National field organizers for the Bernie Sanders campaign recently arrived in Thurston County but hundreds of local fans having been “feeling the Bern” since their county kickoff campaign event last July.

Organizers will host a Sanders “Bernstorm” campaign event on Thursday, March 17, 6:30 p.m. - 8:30 p.m. at Obsidian , 414 4th Ave East, in downtown Olympia, which will kick off a flurry of upcoming events. 

Retired veteran John Van Kampen, 78, doorbelled Eastside neighborhood residents in early March, educating potential voters about the upcoming caucus.

A South Sound resident since 1983, Van Kampen says he never knew until recently that Washington had caucuses.

Asked why he is supporting Sanders, Van Kampen said, “Bernie speaks for me in a way and to a degree I am unaccustomed to since the days of Franklin Delano Roosevelt and his magnificent wife, Eleanor. Maybe I was a bit young, then, to understand the details my mother explained to me, but I sensed greatness of those two and what was once the best of the Democratic Party, a greatness maybe the Kennedy clan might have restored if assassin's bullets had not cut the heart out of that family.

“….I hurt when I see the homeless on our street corners but have not the gifts they need or the acumen to make their plight seem real to…those who watch unreality TV and live in that world too much…to have the time to look around  and see what they can do for their country and their neighborhood. If face to face is uncomfortable, I ask for a vote for Bernie. It's a start,” said Van Kampen.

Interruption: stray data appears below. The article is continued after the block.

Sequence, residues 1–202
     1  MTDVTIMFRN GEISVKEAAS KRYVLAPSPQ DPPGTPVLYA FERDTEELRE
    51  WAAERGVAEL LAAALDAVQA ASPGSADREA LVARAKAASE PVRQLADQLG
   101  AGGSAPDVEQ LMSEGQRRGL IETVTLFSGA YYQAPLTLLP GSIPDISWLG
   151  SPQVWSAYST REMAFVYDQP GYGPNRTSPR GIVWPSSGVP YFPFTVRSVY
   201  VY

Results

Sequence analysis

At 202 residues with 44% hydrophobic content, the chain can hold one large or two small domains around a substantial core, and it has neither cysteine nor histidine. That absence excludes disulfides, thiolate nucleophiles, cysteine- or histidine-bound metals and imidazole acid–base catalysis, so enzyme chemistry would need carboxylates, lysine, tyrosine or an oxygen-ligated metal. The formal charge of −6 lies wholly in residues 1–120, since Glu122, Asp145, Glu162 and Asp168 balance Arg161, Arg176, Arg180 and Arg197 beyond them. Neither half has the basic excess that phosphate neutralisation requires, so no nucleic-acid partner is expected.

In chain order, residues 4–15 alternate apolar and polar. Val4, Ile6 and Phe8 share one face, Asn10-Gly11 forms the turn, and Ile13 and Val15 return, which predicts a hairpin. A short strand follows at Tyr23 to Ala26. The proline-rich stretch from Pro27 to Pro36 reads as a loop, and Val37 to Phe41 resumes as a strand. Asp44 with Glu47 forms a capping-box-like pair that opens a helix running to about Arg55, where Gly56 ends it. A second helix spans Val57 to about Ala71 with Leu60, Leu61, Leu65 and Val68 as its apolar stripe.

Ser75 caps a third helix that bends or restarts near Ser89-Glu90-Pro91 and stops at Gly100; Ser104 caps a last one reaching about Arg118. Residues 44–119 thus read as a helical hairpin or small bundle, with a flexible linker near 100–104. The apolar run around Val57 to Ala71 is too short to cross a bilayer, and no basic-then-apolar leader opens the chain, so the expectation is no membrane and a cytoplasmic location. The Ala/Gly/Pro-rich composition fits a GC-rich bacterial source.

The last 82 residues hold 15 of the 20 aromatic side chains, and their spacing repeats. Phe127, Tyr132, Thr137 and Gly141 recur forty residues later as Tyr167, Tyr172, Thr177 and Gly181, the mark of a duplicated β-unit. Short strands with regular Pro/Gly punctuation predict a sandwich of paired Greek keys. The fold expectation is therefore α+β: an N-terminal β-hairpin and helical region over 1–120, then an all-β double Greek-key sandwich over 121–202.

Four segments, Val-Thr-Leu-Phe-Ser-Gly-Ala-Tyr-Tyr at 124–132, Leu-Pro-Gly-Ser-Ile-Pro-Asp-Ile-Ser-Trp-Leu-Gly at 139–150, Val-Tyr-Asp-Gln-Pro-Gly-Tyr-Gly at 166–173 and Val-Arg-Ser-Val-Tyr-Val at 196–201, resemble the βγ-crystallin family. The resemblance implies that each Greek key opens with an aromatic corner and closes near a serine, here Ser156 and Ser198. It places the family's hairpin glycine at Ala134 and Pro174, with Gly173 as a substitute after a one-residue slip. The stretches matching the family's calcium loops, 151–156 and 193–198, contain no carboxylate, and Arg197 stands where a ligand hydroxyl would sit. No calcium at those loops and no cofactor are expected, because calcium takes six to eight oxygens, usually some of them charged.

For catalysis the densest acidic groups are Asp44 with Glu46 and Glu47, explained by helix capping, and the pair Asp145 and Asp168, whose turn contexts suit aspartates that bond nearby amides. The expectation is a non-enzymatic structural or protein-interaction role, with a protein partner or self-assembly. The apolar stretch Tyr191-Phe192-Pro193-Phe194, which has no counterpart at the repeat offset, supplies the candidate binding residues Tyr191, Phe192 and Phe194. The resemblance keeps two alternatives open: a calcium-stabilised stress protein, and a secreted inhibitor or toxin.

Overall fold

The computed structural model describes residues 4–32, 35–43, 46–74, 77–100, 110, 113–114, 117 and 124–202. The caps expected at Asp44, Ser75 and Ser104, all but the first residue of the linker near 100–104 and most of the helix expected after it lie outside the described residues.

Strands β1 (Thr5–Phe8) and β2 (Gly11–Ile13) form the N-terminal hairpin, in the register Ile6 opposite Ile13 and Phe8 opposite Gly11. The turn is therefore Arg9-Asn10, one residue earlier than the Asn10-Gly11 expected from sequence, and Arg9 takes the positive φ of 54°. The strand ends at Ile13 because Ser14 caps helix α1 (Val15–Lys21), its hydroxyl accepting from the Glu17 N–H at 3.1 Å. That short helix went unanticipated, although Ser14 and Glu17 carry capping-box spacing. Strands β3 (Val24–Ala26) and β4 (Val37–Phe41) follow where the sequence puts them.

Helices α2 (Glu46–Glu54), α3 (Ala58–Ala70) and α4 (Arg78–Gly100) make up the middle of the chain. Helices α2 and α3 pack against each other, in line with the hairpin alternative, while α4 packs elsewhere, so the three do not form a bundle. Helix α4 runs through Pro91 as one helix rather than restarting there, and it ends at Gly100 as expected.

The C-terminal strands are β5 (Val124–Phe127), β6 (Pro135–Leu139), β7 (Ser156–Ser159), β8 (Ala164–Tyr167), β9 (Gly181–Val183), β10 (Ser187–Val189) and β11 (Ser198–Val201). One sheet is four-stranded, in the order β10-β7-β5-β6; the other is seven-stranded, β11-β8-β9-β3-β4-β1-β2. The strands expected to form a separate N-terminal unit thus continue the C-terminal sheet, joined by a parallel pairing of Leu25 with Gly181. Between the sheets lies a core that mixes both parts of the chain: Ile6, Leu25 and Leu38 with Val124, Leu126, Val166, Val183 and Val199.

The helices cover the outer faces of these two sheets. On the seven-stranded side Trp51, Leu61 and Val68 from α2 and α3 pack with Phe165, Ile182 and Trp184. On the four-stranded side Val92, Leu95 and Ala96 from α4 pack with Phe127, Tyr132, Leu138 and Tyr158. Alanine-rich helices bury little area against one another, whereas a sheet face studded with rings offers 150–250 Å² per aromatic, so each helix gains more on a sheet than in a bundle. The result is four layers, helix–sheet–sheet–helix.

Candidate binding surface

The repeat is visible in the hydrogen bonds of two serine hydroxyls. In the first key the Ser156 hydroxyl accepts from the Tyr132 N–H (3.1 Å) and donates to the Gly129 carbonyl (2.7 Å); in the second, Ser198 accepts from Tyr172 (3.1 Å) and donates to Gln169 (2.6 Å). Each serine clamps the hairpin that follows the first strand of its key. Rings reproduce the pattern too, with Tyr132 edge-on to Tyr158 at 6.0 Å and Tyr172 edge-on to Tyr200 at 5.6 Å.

Joe Nilsson, Olympia, is also a Sanders supporter and a past chair of the Thurston County Democrats.

“My personal journey has taken me from serving on the 1992 and 1996 Clinton-Gore Washington steering committees, being a 1992 Clinton party leader delegate, a 1996 Presidential elector, and the state party treasurer for eight years to the painful recognition that in the last two decades, the Democratic Party and Democratic politics had been compromised at the national level by corporate money and very wealthy donors.  In the process, our democracy has slipped towards becoming an oligarchy, the middle class has been decimated, and 90 percent of Americans are worse off, many far worse off.  Economic inequality is at the most extreme since the 1920's.

“As a member of a very large, multiracial family…I worry that the younger members of my family and their peers won't have a fair shot at a decent future if we don't change the dystopian status quo.

“I see Senator Sanders as an honorable, compassionate, progressive, forward-looking leader and the catalyst we need to create the peaceful revolution we so desperately need. Amazingly, I have yet to find any issue I have any serious disagreement with him on.  Bernie inspires me and gives me hope for the future we all ought to have and deserve,” said Nilsson.

Above: Clinton national field organizer Erin Phillips met with Thurston County caucus captains for Hillary Clinton at the Lacey Timberland Library on Tuesday evening.